Pentagon’s Special Dispensation Makes For Special Pride Parade


The unprecedented appearance of uniformed military personnel in yesterday's San Diego Pride Parade was much appreciated by spectators along the route, according to the AP:

Some of the loudest cheers Saturday at San Diego’s gay pride parade were for active-duty troops marching in military dress, the first time that U.S. service members participated in such an event while in full uniform.

Dozens of soldiers, sailors, and Marines marched alongside an old Army truck decorated with a “Freedom to Serve” banner and a rainbow flag.

From the LA Times:

A crowd estimated at 200,000 whistled, waved, cheered and applauded as the service members walked the parade route through the city's largely gay neighborhood of Hillcrest, ending at the western extension of Balboa Park. All branches of the military were represented.

Some in the crowd waved tiny flags; others shouted, "Thank you for your service!" Some saluted.

As Andy explained last week, this will probably be the last time anybody gets to witness such a thing. Generally, all service members are barred from wearing their uniforms during civilian parades. The Pentagon made a one-off exception because the parade's organizers had requested that military personnel don their uniforms, and nobody wanted to see good, patriotic paraders penalized for doing as they were asked. Military personnel will typically appear at parades in tee-shirts denoting their military branch.

Which is fine — except, man, there's really something special about seeing the full dress uniform. Check out that pic above, from the AP (whose slideshow from the parade is excellent, and viewable here). There's a lot of dignity and sweetness captured in the interaction between the waving sailor and that lovely blue-haired gentleman, and the uniform seems essential.


  1. ryena says

    Wait, I’ve seen uniformed officers in the Saint Patrick’s Day parade in NYC, which discriminates against its own LGBT Irish American citizens, so how does that work?

  2. ryena says

    Wait, I’ve seen uniformed officers in the Saint Patrick’s Day parade in NYC, which discriminates against its own LGBT Irish American citizens, so how does that work?

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  4. BABH says

    Actually, it’s pretty routine to grant permission for troops to parade in uniform, and I expect that we’ll see it regularly in Pride parades across the country.

    When I was stationed in Savannah, my battalion would march in the St. Pat’s parade every year as a unit – in other words, we were *ordered* to be there, in uniform and in formation. All I could do to protest was to wear orange underwear.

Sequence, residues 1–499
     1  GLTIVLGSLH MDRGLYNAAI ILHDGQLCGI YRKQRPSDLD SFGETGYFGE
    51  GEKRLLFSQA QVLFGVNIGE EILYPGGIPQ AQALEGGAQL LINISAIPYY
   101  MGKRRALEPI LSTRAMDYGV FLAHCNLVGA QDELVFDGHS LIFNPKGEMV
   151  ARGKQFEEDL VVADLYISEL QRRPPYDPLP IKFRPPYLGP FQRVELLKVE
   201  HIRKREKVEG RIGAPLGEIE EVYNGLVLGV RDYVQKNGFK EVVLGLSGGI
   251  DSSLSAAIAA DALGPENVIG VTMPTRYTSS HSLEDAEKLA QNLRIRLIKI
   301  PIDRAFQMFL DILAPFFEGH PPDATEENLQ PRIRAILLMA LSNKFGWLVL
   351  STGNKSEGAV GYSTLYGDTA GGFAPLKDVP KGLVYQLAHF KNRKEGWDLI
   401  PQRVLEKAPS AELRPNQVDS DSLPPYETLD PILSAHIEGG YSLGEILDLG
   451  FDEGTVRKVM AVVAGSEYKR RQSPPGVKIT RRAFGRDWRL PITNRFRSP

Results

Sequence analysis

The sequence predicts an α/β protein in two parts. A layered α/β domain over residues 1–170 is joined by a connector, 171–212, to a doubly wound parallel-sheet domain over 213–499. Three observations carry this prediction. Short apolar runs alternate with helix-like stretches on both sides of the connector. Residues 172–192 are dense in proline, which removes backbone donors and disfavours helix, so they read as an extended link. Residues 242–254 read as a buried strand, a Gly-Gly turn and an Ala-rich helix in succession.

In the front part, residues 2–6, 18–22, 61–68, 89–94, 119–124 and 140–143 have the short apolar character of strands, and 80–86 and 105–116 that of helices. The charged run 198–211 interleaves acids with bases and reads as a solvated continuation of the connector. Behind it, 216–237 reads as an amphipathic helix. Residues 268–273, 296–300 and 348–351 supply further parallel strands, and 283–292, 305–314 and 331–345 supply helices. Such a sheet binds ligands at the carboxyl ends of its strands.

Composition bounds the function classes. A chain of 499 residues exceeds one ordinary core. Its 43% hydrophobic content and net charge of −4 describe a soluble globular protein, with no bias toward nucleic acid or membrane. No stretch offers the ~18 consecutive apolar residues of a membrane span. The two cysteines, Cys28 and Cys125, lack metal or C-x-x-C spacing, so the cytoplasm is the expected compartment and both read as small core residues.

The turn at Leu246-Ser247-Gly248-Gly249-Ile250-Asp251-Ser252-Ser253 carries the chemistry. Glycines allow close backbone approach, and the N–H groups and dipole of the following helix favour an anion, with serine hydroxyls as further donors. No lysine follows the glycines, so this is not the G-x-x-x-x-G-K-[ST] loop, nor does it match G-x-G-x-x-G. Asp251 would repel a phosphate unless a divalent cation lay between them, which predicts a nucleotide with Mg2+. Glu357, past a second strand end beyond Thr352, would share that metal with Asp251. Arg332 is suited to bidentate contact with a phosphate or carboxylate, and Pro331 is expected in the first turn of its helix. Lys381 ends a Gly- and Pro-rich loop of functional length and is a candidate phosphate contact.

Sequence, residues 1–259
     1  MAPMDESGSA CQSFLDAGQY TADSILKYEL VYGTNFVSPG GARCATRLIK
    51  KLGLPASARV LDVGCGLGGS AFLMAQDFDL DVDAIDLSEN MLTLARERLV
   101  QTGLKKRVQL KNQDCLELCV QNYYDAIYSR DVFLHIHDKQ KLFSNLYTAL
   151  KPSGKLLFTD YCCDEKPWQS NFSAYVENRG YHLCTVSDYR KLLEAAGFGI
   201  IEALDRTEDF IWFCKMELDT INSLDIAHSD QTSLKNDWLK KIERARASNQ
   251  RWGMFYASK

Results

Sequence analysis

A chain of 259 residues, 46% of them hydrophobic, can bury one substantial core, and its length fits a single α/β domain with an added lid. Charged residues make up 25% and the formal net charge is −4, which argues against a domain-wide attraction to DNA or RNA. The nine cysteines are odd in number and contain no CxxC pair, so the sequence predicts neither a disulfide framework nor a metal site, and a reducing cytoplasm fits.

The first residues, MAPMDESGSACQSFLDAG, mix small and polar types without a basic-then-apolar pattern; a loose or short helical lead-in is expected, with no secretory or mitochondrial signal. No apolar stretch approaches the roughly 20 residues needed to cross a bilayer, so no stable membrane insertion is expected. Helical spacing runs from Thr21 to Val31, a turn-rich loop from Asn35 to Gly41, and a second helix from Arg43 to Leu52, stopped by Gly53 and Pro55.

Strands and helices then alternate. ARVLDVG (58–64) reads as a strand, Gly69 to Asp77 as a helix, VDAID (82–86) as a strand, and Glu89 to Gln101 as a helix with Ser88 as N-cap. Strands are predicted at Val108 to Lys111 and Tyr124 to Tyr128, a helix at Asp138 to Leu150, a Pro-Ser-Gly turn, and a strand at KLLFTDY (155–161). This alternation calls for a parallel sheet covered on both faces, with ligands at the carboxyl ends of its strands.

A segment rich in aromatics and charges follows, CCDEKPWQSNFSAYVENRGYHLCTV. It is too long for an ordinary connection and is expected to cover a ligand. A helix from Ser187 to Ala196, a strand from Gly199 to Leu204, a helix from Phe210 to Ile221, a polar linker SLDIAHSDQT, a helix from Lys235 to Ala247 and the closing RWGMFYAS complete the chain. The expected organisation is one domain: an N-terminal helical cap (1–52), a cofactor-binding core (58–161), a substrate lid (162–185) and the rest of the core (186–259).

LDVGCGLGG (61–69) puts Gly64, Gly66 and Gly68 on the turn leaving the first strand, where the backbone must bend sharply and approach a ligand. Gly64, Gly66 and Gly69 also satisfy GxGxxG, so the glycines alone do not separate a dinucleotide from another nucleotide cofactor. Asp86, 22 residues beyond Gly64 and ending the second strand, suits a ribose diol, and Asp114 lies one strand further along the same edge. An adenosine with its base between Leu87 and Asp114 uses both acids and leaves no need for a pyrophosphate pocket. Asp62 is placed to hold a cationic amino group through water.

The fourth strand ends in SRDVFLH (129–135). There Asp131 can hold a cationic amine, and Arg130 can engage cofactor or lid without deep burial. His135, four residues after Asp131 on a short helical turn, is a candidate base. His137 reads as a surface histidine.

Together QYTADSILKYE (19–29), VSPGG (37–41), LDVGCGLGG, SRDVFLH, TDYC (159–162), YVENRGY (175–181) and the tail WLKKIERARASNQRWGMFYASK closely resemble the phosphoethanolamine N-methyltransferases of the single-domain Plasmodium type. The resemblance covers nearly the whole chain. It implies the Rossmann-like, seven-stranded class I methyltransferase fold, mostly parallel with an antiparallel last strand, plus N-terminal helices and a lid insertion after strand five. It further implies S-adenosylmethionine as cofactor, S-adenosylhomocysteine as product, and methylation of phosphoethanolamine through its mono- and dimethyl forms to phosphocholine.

5. J.J. in the Navy says

    I feel bad I’m missing out on Pride weekend this year even though I just got back from being underway and downtown San Diego is just right there. But I just can’t ditch my buddies…and I don’t have any gay friends who are also in the Navy yet.

    Maybe next year.

  6. UFFDA says

    Whadayou mean “lovely blue-haired gentleman”? Don’t you know that anything out of the ordinary should be suppressed! For heaven’s sake.

  7. Jiles says

    LOVE THIS! Love them attending Pride!

    Pride parades have become sooo massive in major cities. Chicago had over 850,000 people at Pride making the city council comment and note it’s one of the largest events for the city. NY pride had over 1.5 million spectators, and the entire city basically knew of it and heard of it with amazing support.

    I love Pride events too

  8. August says

    I’m actually sad Pride Summer is coming to an end soon. I went to a few parades in various cities this year. It’s truly powerful how many gay friends (amazing friends) you’ll make while attending Pride.

  9. Fl Guy 1974 says

    @ August
    Agreed. Met my partner of 8 years at Pride parade in Miami 8 years ago. We have many other friends in long term relationships that met at Pride. I think everyone just feels free at the events and there’s something romantic to that and brings people together.

  10. Utopia says

    This was a powerful experience. The crowd cheered, the servicemen and women lit up. Everyone was happy, celebrating, cheerful. I love what San Diego Pride represents and the crowd it attracts and the symbol of liberation and equality we stand for. My friends and I are ALREADY looking forward to next years celebration.

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